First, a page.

Cocaine and Anxiety
Cocaine and anxiety...it is not clear how cocaine produces this anxiety effect, it is likely that it is produced by the release of large amounts of dopamine in the brain.
Cocaine also affects at least three parts of the brain itself:
the cerebral cortex, which governs reasoning and memory;
the hypothalamus, which controls appetite, body temperature, sleep,
and emotions such as fear and anger; and the cerebellum,
which regulates motor activities such as walking
Like heroin, cocaine initially had a positive, even
benign impact, Freud, who periodically used cocaine
himself, recommended it for use in treating depression
and other conditions, including morphine withdrawal.
Its use as a local anesthetic led to the discovery of synthetic
substitutes with low toxicity, while its use in
treating morphine withdrawal indirectly led to self-administration
of the drug. From about 1880 to 1900 cocaine
was actually an ingredient in some popular brands
of soda pop.
Cocaine can be "snorted" or sniffed, smoked (often
in a water pipe), or injected directly. Today cocaine
is the drug of choice for many conventional and often
upwardly mobile citizens-young professionals, executives,
politicians-and is used rather openly in spite of
its illegal status.
It produces feelings of wittiness and hyper
alertness and is often praised by
users as being almost risk free: no hangovers like those
produced by alcohol, no injection scars like those caused
by heroin use, and no lung cancer, which is associated
with use of marijuana and tobacco . Unfortunately, its
action is more complex and less benign than most users
believe. I’ve listed the effects of cocaine use.
High doses or repeated use of cocaine can produce
a state resembling mania, with impaired judgment, incessant
rambling talk, hyperactivity, and paranoia that
may lead to violence or accidents. There is also an acute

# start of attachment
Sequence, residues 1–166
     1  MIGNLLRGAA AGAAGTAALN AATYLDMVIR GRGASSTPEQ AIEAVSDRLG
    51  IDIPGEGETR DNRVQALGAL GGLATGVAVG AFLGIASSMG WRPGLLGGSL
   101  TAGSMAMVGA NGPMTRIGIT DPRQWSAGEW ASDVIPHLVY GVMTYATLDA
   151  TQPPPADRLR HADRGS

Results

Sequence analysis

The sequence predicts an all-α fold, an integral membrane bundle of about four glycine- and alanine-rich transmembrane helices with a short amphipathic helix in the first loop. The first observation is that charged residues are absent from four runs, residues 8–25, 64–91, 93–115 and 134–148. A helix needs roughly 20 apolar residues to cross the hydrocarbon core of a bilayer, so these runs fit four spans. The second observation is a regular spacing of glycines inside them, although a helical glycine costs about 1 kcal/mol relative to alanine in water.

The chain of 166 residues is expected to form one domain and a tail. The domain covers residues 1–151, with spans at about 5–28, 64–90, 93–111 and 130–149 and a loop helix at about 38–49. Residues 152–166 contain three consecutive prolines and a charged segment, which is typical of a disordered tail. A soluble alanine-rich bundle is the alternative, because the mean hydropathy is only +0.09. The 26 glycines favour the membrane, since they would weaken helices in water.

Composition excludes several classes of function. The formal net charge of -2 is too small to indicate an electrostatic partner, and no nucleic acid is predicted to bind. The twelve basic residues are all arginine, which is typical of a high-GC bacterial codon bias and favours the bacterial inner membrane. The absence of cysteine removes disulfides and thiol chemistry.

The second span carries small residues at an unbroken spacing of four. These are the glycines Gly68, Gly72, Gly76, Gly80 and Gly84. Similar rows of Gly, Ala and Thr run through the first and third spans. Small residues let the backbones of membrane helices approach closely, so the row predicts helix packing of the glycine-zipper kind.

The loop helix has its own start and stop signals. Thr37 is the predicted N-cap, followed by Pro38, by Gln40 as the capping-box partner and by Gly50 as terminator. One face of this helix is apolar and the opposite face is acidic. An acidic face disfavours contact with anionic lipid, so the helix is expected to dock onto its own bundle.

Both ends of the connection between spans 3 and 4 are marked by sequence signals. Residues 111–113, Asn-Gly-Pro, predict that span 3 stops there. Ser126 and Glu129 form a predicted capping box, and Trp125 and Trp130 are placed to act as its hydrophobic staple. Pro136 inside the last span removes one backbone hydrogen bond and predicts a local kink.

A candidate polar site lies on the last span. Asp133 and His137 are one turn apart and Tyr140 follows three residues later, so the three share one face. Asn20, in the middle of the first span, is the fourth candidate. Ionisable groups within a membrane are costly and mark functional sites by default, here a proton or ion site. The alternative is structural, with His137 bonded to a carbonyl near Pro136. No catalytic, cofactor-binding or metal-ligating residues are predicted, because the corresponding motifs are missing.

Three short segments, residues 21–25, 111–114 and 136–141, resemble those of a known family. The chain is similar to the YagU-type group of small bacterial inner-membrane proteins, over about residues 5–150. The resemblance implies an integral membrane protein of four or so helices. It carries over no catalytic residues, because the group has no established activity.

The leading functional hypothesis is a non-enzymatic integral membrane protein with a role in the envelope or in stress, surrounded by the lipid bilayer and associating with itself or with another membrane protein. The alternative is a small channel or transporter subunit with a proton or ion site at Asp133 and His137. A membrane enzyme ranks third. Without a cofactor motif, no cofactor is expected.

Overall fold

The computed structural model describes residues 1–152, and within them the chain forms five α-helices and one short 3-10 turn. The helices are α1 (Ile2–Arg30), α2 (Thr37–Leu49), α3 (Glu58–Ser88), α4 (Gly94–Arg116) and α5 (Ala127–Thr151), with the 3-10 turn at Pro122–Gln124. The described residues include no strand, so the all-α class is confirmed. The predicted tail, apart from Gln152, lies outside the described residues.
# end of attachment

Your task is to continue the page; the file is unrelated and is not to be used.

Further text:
anxiety reaction that is sometimes severe enough to be
called panic. Serious acute physical reactions are also
possible. By restricting blood vessels and increasing
“Effects of Cocaine"
2. Increased energy
3. Enhanced mental acuity and alertness
4. Increased sensory awareness (sexual, auditory, visual)
5. Decreased appetite
6. Decreased need for sleep
7. Increased self-confidence
The effects depend on dosage and degree of habitual use.
Increased heart rate, cocaine can produce cardiac symptoms,
including irregular heartbeat, angina, and myocardial infarction.
High doses may also cause nausea, headache,
cold sweats, tremors, and fast, irregular, shallow breathing.
People who have high blood pressure or damaged
arteries may suffer strokes as a result of cocaine use.
Death usually results from convulsions followed by paralysis
of the brain centers controlling respiration, followed
by cardiac arrest; in serious cases an-acute overdose
must be treat with and anti-convulsant drugs.
A common cause of death is intravenous injection a
"speedball"-a combination of heroin and cocaine.
Cocaine presents serious problems when it is taken
habitually in large doses. As long as only a limited quantity
is consumed, cocaine can be taken daily for, years
with no apparent ill effects. But since it is one of the
most powerful drug reinforces, desire for it is hard to
control. A damaging habit usually develops over a period
of several months to several years. Compulsive
users cannot turn the drug down; they think about it
constantly, dream about it, spend all their savings on it,
steal, or deal to pay for it.
Long-term tolerance for cocaine develops very fast
with repeated doses during a single session;
lowed by crashes.
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